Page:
There are a couple professors here who are notorious for recruiting and exploiting international students and postdocs.  It is fairly well known, but without rules in place to stop it, there is not much that can be done. 

apl68

That's definitely a fair point regarding the need to protect vulnerable international students.  The department I worked in didn't have international grad students, so my awareness of those issues isn't as high.
If any will come after me, let him deny himself, take up his cross daily, and follow me.
Whoever would save his life will lose it, but whoever will lose his life for my sake will find it.
For how does a man profit if he gains the whole world, but loses his soul?

GuyRien

The captive relationship is both ways. I have an international student now who is working on a critical project but has decided to work remotely for the first two weeks in his home country. It will be interesting what the union says, because the agreement is they are present in California during the GSR.

Quote from: Kron3007 on September 20, 2023, 07:09:55 AM
Quote from: apl68 on September 20, 2023, 06:34:14 AMMuch as I hate to see mentor/mentored relationships replaced by rigid union rules, I can remember from personal experience how grad students are open to exploitation in the absence of more formal protection.  I don't recall there being any abuse of students by profs in the department I studied in, but the university's treatment of them was becoming more and more exploitative.  They just wanted cheap labor for teaching assistants and such.  If that's all an institution's grad students are to it, then the institution shouldn't be surprised when they start organizing to try to get better treatment.

I dont know that union rules need to be overly rigid.  Our postdocs recently unionized, and it really dosnt change the relationship, just sets more formal rules around specific aspects and gives them a resource to use when there are bad situations.

As mentioned, these situations can be very toxic, especially for international students who have their immigration status directly tied to the professor.  That is far too much power for one person to hold over another IMO, and ultimately leads to exploitation (not always of course).  Many international students have a dream of a North American degree, and will tolerate a lot to make that dream come true.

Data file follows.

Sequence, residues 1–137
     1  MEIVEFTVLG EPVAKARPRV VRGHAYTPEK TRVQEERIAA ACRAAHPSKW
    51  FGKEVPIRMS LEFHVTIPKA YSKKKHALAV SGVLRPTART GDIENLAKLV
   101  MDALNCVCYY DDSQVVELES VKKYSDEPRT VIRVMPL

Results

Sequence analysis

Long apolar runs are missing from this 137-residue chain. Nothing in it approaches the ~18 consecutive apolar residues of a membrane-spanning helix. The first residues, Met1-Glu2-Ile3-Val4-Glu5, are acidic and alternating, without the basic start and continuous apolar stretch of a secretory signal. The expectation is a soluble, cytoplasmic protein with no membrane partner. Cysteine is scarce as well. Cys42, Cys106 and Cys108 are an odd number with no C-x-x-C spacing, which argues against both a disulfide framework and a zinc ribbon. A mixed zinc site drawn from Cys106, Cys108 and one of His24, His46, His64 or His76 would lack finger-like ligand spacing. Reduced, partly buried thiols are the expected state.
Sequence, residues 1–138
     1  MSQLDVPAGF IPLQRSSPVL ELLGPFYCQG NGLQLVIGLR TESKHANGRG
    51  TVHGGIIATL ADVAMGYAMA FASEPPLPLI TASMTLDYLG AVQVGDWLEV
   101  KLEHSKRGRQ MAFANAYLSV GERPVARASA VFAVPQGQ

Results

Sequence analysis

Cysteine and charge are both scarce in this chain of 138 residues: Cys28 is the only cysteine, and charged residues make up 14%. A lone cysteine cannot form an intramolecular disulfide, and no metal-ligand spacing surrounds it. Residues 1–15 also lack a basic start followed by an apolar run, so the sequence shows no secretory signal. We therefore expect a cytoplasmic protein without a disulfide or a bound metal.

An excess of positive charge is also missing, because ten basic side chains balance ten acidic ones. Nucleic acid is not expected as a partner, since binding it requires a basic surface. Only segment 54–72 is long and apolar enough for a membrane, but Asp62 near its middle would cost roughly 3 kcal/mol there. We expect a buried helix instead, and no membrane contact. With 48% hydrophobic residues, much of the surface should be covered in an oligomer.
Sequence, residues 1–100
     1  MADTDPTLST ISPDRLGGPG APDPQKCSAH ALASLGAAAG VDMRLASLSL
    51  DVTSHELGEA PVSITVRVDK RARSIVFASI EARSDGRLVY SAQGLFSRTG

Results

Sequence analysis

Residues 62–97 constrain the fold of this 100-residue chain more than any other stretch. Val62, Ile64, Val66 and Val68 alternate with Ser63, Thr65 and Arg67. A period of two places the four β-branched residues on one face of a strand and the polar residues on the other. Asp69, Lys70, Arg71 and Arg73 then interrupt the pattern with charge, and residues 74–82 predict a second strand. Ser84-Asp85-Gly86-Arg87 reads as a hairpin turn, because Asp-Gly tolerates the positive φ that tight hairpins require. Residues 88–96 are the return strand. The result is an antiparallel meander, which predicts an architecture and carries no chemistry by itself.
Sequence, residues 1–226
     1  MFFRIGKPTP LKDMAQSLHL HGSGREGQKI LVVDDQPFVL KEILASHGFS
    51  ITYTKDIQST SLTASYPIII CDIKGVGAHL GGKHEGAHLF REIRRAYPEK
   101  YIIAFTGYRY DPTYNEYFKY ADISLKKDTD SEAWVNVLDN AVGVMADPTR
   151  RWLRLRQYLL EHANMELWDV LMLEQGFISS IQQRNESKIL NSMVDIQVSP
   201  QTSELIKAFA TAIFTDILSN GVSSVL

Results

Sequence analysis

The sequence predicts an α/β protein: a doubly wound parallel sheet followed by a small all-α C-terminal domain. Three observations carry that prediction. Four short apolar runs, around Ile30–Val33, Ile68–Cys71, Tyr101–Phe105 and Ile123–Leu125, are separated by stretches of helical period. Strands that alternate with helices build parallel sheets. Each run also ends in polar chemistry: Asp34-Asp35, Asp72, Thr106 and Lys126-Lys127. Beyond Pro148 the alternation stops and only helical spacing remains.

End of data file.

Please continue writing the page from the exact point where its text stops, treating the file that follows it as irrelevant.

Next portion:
There are a couple professors here who are notorious for recruiting and exploiting international students and postdocs.  It is fairly well known, but without rules in place to stop it, there is not much that can be done. 

mythbuster

I was a unionized Graduate Student at UC Davis back in the early '00s. I might still have my UAW card form that time.  I'm surprised it took this long to come to your campus. For myself, it meant that we got dental insurance, which we did not have before. It did not significantly change how much time myself or any of my cohort worked in the research lab.
   I had a few friends in the humanities and they reported at the time that unionization did lead to increased transparency as to who TA-ships were awarded too, and more standardization of what was expected as a TA.

I would look to those schools where this has been long standing. I have a feeling the impacts are more subtle than you may be envisioning.

Kron3007

Quote from: GuyRien on September 20, 2023, 11:14:59 AMThe captive relationship is both ways. I have an international student now who is working on a critical project but has decided to work remotely for the first two weeks in his home country. It will be interesting what the union says, because the agreement is they are present in California during the GSR.

Quote from: Kron3007 on September 20, 2023, 07:09:55 AM
Quote from: apl68 on September 20, 2023, 06:34:14 AMMuch as I hate to see mentor/mentored relationships replaced by rigid union rules, I can remember from personal experience how grad students are open to exploitation in the absence of more formal protection.  I don't recall there being any abuse of students by profs in the department I studied in, but the university's treatment of them was becoming more and more exploitative.  They just wanted cheap labor for teaching assistants and such.  If that's all an institution's grad students are to it, then the institution shouldn't be surprised when they start organizing to try to get better treatment.